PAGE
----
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    I understand the reason for the DQ it was a nut reaction I had when I was eight the questionnaire isn't going to explain that other than checking box. The dr have exam asked about it we answered one time thing that is it

    I assume my college NROTC feels I'm competitive in order for them to submit my Application The 7 to 8 week timeframe is throwing me off I would hate for them to deny a waiver without medical records or testing. My hope is that it's going to take them 7 to 8 weeks to mean they need to figure out what to ask me for if anything
     
  8. Falcon A

    Falcon A Member

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    Driven — I am not a doctor, but have experience going through the SA and ROTC medical waiver process with my DS for a nut allergy.

    Be patient with the Navy. It was good they sent you a message saying why the delay.

    Our experience is the AF (USAFA and AFROTC) will not give a waiver for a nut allergy. The Army (USMA and AROTC) have given nut allergy waivers in the past based on severity of allergy, which nuts, etc. I’m not sure if Navy (USNA and NROTC) gives a nut allergy waiver. I have no experience with them.

    They will probably ask for any of your medical records on the allergy. They may send you for a blood test to see what your IgE #s are for various nuts. They may ask for a skin test and they may ask for an allergist supervised “nut challenge”.

    Hang in there.
     
  9. DrivenNavy

    DrivenNavy New Member

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    Thank you very much for your feedback!

    We have records and would want nothing more than more testing and nut challenge for severity. Never anaphylactic, never throat swelling or heart racing, never hives. Just itchy lips and itchy throat at 8. I went back three years ago and have a note I grew out of most but tested for hazelnut and pistachio. Go figure I have had pistachios, don't like them but had them. Mind you I stay away obviously (and have eaten by mistake with no issue), but I also eat heath bars that have almonds and no allergy to peanuts which I know is a legume. We went into a local ROTC recruiter and he said most likely they will do a nut challenge, it all depends on severity whether they will give you waiver.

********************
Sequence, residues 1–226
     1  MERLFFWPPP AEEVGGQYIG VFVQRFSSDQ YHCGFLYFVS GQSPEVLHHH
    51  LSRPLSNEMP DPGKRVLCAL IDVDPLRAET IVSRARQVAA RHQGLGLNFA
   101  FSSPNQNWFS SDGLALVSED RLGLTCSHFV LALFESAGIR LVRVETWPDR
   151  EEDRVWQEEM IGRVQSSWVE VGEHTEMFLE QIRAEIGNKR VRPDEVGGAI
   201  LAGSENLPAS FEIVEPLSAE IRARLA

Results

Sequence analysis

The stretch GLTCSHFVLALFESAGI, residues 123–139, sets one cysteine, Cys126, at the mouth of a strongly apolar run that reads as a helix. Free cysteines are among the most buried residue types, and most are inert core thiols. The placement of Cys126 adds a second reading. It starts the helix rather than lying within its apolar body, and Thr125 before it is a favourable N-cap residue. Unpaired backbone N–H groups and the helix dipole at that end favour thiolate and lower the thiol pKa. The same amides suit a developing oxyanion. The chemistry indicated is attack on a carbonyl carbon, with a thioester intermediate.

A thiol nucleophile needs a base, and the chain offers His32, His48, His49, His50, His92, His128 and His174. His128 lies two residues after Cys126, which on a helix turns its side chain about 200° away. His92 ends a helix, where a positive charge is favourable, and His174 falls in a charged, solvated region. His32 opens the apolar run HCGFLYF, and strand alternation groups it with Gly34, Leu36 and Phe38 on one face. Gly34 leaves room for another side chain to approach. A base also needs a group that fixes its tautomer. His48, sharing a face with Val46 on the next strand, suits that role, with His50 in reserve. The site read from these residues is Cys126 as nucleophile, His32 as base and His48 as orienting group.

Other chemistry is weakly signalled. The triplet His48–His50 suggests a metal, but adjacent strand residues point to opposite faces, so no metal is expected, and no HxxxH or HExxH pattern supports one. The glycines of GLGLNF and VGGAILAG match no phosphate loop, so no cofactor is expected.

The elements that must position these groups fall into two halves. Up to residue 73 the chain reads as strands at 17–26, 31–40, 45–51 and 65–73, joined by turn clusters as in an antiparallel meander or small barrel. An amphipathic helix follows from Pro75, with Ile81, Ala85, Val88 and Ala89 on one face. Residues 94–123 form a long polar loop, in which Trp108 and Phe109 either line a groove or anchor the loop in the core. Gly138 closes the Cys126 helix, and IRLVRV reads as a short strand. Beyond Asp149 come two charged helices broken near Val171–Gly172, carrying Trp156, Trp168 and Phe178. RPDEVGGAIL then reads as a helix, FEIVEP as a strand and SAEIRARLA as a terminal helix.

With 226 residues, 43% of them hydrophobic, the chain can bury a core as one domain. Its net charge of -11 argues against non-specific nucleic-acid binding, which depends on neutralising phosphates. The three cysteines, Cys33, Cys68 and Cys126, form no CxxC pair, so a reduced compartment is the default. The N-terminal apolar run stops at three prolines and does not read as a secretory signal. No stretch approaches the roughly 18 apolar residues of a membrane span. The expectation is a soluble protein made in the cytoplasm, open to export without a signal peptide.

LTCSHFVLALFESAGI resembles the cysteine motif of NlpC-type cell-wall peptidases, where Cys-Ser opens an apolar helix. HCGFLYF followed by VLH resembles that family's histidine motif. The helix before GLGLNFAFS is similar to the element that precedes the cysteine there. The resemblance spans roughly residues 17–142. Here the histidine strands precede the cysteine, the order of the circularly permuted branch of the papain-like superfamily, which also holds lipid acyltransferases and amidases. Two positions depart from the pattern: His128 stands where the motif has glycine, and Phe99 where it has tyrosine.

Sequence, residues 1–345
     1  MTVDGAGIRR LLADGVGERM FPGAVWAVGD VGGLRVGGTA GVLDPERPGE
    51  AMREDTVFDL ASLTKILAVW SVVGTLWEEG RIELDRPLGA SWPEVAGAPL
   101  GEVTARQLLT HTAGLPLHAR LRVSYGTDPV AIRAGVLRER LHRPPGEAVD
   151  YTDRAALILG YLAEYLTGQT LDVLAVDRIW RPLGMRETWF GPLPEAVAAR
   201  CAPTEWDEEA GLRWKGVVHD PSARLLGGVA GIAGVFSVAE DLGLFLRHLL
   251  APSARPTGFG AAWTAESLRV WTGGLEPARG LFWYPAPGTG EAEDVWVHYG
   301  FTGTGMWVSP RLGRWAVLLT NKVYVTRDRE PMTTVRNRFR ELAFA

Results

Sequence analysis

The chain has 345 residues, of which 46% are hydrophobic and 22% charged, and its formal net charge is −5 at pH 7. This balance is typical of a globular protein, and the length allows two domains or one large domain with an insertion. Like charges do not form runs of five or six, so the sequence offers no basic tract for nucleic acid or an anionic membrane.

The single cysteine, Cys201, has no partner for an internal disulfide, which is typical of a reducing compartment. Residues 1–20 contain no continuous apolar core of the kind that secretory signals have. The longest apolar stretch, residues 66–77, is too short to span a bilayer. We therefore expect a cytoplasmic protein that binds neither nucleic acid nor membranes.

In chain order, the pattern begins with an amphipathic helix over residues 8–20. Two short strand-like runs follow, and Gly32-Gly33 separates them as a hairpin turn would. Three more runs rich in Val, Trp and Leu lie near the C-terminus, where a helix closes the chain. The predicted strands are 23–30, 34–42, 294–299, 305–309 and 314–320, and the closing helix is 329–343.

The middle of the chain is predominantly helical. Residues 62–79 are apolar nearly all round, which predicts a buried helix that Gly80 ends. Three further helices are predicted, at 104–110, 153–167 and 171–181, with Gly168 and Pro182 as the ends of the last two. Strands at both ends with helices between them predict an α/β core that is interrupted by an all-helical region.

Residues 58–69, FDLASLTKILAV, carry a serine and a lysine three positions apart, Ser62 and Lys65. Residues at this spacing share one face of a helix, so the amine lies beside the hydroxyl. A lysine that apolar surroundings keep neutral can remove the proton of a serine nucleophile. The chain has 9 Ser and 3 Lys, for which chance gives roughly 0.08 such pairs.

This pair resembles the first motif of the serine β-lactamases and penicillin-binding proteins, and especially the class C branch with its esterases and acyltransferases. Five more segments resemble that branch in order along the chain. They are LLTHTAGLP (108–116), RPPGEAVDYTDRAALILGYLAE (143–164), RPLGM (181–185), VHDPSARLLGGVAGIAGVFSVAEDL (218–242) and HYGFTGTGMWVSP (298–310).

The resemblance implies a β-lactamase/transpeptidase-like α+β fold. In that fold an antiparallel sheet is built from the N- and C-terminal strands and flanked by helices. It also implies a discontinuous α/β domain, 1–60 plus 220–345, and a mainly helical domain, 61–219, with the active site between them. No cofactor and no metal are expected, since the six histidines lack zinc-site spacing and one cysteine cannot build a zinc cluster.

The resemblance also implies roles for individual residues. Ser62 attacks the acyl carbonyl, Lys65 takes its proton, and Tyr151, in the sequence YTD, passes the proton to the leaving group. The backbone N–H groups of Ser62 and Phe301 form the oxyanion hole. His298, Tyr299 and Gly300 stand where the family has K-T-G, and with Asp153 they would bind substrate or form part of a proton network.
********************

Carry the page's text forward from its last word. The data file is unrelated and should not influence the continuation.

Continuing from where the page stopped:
I don't know to be proactive and find an allergist and get this done or wait until they tell me what they want me to do.
     
  10. Falcon A

    Falcon A Member

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    Driven—The reasons to do your own doctor would be to fight the DQ (hard to do), fight a waiver denial, or do it if there is a time crunch caused by the delayed review by the Navy.

    Probably a good idea to do some research for a civilian allergist near you that takes your medical insurance and is willing/able to do a nut challenge (not all allergists are due to liability).

    The downside of doing your own testing is the Navy will most likely still want you to use their own doctor for the remedial. It is also possible they may not want or need a nut challenge.

    Your call on doing your own testing during the delay period ... might help, might not ... I don’t think it would hurt.

    Others might have better advice.
     
  11. DrivenNavy

    DrivenNavy New Member

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    The DQ couldn't have come from the exam. There is no negative comments noted. As a matter of fact, all normal and dr. barely had comments. Had to be we answered yes.
     
  12. Falcon A

    Falcon A Member

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    Correct -- you checked "Yes" on Question #60 on the "Medical History Questionaire". . . that is enough to get the DQ from DoDMERB.
     
  13. Pima

    Pima 10-Year Member

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    The when I was 8, doesn't matter because it is before the 13 yo aspect. It is that you have admitted you tested positive for a nut allergy after that age, guessing you were probably 16.